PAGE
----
Paging Network: Returning from the Dead
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Many years ago, I had a pager from Paging Network. I loved it. However, when I got my cell phone, I really had no need for the service. So, I cancelled my subscription.
The results have been grueling. In the past year, the stock was as low as 19/32. Then last Thursday, a sleepy paging company called Metrocall (MCLL) surged 4-3/32 to 6-3/32. The company got a $51 million investment from PSINet (PSIX), Hicks, Muse, Tate & Furst Inc. (an investment bank) and Aether Systems Inc. (AETH). What's more, AT&T Wireless became the company's biggest shareholder.
What's happening? With wireless exploding, paging companies are looking very attractive as vehicles to get subscribers. As for Metrocall, the company has six million subscribers. The company also has a seasoned management team and strong in-house technologies.
Yes, the company has a substantial subscriber base: 9 million (in all 50 states, as well as Puerto Rico, the Virgin Islands, the District of Columbia and Canada). The technology is also top-notch, offering such things as two-way wireless e-mail and global messaging.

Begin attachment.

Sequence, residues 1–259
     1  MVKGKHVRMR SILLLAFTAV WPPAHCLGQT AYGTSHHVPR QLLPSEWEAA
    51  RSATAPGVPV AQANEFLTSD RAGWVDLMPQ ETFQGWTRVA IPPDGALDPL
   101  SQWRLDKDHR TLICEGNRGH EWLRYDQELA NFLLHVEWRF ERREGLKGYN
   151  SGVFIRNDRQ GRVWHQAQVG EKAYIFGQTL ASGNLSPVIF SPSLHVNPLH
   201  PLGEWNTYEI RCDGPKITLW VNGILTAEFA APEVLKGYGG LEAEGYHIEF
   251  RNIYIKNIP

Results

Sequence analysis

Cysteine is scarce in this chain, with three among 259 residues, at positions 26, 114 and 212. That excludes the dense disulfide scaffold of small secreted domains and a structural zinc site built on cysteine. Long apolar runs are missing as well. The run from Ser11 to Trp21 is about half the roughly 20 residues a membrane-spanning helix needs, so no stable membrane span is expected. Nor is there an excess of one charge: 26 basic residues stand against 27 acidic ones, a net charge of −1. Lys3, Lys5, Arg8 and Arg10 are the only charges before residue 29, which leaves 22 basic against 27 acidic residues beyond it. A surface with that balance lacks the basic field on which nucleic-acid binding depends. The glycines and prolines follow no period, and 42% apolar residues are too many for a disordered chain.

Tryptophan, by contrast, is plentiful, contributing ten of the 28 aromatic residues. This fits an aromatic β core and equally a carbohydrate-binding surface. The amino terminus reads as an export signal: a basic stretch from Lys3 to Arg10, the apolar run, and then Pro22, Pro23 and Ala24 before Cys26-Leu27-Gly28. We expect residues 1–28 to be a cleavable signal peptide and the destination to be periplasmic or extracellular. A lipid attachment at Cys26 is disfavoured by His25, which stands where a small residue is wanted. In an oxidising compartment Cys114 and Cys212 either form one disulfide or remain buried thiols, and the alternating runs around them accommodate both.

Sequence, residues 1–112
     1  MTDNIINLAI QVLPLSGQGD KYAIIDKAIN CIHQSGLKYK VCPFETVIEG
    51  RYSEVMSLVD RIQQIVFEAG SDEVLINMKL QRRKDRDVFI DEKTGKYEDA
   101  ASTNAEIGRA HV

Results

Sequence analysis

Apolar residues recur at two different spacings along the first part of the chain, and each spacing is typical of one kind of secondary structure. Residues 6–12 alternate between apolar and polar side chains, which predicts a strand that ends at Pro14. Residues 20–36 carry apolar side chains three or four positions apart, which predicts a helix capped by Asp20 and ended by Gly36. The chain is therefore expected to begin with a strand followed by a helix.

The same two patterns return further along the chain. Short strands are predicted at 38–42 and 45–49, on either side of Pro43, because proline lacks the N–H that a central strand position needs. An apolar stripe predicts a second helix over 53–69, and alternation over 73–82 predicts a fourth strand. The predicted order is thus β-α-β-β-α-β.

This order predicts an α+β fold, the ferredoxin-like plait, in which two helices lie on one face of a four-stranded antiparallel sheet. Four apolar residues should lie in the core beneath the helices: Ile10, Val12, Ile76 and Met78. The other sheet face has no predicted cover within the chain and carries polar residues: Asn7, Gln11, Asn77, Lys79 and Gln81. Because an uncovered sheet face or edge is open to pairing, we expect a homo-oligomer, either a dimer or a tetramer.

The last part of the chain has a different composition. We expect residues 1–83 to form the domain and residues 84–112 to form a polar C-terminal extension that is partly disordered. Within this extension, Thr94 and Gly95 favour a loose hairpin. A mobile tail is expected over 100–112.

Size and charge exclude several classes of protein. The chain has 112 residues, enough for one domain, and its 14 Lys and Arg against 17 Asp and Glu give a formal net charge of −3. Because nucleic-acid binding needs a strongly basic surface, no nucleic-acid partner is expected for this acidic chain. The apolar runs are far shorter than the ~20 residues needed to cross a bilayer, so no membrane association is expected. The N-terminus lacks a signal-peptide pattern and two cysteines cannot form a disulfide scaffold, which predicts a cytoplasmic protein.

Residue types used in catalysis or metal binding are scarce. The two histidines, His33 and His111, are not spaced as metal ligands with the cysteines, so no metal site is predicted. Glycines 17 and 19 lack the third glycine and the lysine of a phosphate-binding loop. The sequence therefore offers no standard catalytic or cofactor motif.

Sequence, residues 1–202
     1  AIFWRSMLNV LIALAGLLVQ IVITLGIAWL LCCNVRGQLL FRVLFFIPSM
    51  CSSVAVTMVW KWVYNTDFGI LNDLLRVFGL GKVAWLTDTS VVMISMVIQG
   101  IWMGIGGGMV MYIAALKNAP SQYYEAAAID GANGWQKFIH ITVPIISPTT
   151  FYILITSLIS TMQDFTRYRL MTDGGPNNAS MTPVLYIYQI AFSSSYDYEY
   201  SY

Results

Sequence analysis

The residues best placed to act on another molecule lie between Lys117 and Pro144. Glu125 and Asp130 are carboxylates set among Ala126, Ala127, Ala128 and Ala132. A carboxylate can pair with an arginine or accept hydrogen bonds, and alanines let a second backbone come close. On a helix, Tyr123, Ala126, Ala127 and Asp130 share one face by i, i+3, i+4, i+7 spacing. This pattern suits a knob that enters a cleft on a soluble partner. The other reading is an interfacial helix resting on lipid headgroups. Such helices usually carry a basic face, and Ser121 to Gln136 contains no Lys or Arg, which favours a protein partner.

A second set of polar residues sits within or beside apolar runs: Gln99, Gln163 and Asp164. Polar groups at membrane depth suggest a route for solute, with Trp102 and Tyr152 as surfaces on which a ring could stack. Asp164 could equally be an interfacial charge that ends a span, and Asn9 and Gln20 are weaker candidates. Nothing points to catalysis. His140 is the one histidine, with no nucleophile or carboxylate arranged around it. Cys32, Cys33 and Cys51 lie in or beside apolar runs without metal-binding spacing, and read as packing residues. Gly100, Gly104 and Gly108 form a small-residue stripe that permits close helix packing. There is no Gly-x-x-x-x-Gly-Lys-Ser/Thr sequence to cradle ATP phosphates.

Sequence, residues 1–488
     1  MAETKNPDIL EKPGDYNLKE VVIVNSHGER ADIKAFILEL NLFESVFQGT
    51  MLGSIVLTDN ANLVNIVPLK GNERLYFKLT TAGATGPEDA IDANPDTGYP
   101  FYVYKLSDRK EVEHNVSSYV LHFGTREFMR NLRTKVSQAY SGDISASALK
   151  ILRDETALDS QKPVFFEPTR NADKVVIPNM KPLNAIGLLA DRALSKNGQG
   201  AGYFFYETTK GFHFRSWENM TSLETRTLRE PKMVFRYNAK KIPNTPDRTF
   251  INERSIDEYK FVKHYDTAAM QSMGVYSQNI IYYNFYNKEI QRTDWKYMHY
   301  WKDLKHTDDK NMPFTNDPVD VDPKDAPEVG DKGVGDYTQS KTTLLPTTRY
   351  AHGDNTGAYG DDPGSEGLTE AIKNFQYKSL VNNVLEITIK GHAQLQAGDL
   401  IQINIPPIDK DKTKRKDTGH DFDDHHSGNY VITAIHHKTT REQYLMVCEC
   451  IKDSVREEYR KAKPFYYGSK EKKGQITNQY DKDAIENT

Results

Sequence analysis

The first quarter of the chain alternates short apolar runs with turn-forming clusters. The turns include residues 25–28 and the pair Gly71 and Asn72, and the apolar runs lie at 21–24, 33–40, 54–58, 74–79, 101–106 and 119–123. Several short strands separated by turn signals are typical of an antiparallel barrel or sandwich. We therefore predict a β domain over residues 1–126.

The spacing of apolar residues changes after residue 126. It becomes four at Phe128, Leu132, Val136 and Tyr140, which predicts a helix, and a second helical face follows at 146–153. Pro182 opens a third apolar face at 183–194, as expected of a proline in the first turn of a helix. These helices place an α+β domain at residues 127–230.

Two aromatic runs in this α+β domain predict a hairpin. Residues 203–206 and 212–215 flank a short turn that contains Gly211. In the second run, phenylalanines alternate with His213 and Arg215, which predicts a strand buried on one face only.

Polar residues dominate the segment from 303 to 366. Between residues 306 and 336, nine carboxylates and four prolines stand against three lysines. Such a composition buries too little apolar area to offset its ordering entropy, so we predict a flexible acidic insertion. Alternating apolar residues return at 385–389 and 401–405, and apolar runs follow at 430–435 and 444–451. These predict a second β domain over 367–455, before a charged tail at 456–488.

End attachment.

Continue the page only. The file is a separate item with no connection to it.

However, before you jump in, it's worth taking a look deeper into the financials. Basically, the company is insolvent. The company recently announced that it was unable to pay interest on notes due on Feb. 1, 2000 (about $33.6 million). Because of this, there will be an adjustment for the merger between Paging Networks with Arch Communications. They are the two biggest paging companies (the combined entity will have 16 million subscribers).
Basically, Paging Network is spiraling into oblivion. In its fourth quarter, the company had a loss of $49.5 million, compared to $16.4 million in the same period a year ago.
In the event of a bankruptcy, shareholders are last in line to receive any proceeds of a liquidation. This is a prospect that Paging Network definitely faces. Thus, it would be scary for another company to buy Paging Network right now; rather, it would make more sense to wait and let the stock fall -- picking-up the pieces in a bankruptcy court.